I worked for Credit Card Services.
I worked for JP Chase Morgan in their Card Services Company. I thought the job was customer service and balance transfers. I completed their training as a Financial Adviser for their inbound call center. I started to receive a high volume of calls about customers with current accounts, no late payments and their interest rates increasing from the low interest rate offered. A few months later Chase had this computer rating system that would show up on the computer, we were told not to disclose this information to any customers. It was a screen that popped up, per customer that labeled the customer in a strange category. The customers that only did balance transfers, and did not have any credit card balance, had a non related group title. I do not remember the exact titles they used for each individual customer. I also found it quite strange when a manager approached his team and told each one of us that if we used any sick days, that we were entitled to use we could be terminated. I was wondering what I had gotten myself in to working for Chase. I saw customer accounts being raised from a low interest rate, for no reason, increasing to almost 30 percent. I worked for Chase in 2006 and 2007. The final straw came when their computer program for payroll lost my payroll money and when I asked to be paid by the person in charge of payroll I was told that they had more important issues to resolve and my problem was not one of them. I contacted their New York office and reported this problem and it took about 5-6 months for me to be paid. I had their Chase Freedom Card, at 0 percent interest for 1 year, after I resigned from their employment, I opened my statement and saw my interest rate had increased to almost 29 percent. I called Chase, and I was told that is too bad. I asked for a lower interest rate, and I was told no. I spoke to their debt consolidation company and I was told there was no hope for me. I told Chase that I would continue to pay the original amount and they refused that option.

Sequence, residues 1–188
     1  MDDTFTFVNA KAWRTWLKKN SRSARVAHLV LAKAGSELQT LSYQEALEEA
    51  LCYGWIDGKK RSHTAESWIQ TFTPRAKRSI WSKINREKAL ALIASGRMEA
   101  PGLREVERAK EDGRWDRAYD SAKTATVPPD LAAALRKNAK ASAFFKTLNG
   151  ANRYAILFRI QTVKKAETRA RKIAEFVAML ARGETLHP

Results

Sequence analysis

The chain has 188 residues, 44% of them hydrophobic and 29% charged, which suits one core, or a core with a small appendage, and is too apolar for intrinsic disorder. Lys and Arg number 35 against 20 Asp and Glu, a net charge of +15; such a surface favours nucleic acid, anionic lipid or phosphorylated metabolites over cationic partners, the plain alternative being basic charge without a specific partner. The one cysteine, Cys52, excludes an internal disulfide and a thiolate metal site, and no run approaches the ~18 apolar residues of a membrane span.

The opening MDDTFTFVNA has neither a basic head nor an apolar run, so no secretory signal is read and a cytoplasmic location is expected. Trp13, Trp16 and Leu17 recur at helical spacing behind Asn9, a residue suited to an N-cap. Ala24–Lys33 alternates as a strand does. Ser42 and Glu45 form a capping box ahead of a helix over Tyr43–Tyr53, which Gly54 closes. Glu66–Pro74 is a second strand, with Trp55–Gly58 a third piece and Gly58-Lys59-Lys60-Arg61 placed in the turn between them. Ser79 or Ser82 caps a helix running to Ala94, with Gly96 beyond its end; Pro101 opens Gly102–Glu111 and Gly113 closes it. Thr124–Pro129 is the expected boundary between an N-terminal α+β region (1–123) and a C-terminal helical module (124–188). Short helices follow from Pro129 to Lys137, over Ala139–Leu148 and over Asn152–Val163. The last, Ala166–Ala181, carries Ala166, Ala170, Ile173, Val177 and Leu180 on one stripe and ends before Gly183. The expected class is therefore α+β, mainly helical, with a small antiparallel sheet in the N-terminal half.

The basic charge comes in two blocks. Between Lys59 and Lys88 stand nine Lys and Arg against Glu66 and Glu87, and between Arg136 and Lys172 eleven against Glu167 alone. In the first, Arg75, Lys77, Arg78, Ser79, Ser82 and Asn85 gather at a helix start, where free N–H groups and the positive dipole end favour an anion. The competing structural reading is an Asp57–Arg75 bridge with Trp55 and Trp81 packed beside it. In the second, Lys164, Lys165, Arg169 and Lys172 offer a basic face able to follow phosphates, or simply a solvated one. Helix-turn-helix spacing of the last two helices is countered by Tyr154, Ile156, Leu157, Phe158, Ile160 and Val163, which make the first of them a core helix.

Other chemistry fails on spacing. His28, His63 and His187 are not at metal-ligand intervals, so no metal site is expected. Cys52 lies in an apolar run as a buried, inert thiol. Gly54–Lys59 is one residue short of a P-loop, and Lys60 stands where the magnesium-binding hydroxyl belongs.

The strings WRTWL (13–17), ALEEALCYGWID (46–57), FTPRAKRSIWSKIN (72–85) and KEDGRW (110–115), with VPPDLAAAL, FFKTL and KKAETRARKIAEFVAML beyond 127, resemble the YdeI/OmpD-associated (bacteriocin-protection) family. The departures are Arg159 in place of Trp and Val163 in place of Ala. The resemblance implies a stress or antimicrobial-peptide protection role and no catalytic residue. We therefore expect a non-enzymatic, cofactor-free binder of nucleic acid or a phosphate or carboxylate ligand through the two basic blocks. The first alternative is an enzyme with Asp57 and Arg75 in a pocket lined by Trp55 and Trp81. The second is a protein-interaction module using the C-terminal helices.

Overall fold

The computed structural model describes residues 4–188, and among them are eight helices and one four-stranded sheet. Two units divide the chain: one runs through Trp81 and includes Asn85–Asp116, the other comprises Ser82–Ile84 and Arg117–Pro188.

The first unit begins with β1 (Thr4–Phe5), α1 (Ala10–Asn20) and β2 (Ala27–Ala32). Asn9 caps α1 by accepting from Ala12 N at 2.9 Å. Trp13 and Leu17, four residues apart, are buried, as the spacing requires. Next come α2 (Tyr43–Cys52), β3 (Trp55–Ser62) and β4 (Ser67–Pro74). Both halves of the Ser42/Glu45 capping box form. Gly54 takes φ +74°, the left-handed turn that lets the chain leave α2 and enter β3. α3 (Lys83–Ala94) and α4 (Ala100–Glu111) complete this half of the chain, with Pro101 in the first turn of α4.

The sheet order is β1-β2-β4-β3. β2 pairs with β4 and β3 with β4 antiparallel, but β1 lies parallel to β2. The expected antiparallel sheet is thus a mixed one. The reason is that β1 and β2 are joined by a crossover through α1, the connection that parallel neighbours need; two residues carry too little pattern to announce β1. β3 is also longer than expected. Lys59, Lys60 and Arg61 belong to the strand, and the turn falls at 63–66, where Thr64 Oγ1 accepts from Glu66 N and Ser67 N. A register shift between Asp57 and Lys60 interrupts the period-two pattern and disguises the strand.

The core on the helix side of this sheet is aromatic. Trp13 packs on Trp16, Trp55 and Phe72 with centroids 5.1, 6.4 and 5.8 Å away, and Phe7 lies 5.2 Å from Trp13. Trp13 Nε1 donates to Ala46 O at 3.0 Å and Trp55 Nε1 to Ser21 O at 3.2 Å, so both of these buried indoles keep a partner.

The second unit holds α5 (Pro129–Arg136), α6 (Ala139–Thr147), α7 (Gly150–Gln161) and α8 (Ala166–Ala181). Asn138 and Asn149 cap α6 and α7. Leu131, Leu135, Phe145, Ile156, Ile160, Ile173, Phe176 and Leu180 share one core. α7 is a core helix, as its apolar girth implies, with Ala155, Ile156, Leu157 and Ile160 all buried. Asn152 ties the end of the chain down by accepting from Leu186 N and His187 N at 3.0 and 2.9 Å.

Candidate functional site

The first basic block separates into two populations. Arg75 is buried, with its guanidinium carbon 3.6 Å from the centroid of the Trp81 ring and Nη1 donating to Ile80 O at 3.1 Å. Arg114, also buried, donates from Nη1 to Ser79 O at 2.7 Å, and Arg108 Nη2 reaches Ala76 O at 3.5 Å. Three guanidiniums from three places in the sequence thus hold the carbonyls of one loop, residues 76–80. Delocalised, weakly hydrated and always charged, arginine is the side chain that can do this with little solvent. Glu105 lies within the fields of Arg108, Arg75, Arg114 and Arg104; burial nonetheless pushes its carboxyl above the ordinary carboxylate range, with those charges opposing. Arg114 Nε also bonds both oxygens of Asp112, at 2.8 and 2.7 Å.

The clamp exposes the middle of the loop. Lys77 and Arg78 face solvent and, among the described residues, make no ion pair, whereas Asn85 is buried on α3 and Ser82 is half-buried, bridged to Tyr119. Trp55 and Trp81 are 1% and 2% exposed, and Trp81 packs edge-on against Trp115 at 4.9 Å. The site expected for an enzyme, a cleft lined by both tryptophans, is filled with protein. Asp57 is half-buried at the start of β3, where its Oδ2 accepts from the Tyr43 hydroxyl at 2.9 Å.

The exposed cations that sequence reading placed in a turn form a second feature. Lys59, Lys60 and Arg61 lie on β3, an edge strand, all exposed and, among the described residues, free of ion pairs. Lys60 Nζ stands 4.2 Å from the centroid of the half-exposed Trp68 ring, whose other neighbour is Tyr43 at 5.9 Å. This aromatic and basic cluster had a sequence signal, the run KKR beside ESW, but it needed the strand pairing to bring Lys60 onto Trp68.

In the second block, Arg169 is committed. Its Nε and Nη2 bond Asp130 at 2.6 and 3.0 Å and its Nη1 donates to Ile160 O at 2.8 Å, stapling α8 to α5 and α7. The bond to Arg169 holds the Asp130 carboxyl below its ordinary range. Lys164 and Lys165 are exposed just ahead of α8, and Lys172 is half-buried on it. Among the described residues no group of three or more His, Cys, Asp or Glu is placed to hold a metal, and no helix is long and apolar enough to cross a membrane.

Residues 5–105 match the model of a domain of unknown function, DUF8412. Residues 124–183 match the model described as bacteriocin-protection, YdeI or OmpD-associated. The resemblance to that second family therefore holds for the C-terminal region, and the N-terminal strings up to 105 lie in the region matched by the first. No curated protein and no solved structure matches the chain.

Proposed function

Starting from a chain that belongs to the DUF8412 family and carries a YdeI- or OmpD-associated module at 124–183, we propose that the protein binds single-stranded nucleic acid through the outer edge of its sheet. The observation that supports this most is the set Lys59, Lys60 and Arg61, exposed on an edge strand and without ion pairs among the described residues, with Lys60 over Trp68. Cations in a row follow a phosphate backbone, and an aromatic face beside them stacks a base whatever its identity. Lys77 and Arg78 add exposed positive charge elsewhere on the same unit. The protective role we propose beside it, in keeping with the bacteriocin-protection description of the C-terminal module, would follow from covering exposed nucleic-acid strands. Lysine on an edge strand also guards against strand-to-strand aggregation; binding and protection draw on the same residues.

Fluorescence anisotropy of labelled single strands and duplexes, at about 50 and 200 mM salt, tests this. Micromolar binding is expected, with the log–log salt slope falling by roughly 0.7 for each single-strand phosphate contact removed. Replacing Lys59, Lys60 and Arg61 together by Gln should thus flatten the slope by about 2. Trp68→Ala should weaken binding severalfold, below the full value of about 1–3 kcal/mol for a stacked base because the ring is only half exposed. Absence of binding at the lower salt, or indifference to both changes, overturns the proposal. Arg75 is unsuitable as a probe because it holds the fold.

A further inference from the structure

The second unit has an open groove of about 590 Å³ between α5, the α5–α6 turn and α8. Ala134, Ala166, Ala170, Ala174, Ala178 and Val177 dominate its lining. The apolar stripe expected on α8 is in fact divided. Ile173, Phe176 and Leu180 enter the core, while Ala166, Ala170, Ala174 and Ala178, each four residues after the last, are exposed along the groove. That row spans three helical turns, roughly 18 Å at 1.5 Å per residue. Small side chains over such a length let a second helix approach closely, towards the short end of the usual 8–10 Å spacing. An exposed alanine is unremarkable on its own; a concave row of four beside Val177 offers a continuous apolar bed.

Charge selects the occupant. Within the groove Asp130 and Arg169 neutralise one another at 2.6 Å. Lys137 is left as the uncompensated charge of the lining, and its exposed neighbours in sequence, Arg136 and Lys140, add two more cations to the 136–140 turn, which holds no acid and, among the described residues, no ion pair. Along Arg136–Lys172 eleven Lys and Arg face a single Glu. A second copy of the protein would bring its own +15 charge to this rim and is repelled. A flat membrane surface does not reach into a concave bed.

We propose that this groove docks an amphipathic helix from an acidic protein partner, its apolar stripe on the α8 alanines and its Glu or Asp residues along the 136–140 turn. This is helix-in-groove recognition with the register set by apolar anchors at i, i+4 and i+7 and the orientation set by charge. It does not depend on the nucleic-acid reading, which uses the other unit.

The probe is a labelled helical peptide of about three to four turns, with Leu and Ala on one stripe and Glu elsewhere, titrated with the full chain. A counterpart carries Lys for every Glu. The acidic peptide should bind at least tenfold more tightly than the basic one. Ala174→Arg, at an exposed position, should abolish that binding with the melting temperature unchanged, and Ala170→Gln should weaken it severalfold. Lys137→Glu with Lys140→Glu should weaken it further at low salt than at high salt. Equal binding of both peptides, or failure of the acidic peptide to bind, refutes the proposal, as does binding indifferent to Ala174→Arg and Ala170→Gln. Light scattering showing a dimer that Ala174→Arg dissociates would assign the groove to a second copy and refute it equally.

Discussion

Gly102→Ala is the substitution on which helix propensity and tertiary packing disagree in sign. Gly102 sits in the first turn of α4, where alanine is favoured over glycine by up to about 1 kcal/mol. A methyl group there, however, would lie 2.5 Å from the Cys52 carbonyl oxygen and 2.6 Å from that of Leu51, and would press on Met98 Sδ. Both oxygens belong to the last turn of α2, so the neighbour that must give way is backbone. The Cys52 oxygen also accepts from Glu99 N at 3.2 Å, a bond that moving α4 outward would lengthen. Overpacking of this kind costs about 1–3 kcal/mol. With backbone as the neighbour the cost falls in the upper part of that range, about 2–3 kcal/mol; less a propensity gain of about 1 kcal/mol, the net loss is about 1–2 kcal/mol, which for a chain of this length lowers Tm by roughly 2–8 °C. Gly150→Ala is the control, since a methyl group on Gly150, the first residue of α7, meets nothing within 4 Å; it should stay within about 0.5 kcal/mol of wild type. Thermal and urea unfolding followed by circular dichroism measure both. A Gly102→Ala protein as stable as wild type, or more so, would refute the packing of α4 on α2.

I had a job and in June of 2008, when I was having surgery they announced that they were closing. I contacted Chase to make some type of payment arrangements and they would not answer me. Chase would not respond to me until I received a Summons from them. I answered their summons within the 20 days, and again no further response from Chase. Since I had been working did I know that the economy was crashing, no I did not. I could not find any other job. I received a Summons from Chase that they did not like my explanation. I told Chase that I was loosing everything, provided documentation, and offered to work for them since I was eligible for rehire, and I would pay them. No response from Chase. One year later I see on line a judgement entered against me for more money than the balance I owed Chase. I was never notified of any hearings, nothing. Due to the fact that my employer closed down while the economy was crashing, I was unable to walk, two knee surgeries I have lost everything. I think I am judgement proof, I have no assets. I found a low paying job 7 months later and it is real hard to keep myself from being homeless. Chase was classifying customer accounts in 2006-2007 for a reason. I am responsible and accountable for my debts, however, for the actual balance that I owe Chase not the inflated amount Chase has requested. I researched and found out that I can make Chase prove that they have the original signed credit application and that they are due the money. The same way the mortgage company has to produce the note for their foreclosure. The mortgage company put in writing that they do not know where the original note is, or who has the note yet they want to foreclose the property. There may be another Lender in a foreign country that has that note.
I believe that Chase charged off the credit card debt, received funds for the sale, inflated the amount of the credit card balance, enters that balance in court, either to write it off or try to collect over $ 2500.00 more.
I will wait and see what happens because I am broke, probably like millions of others fighting to survive.
Published in: Personal Finance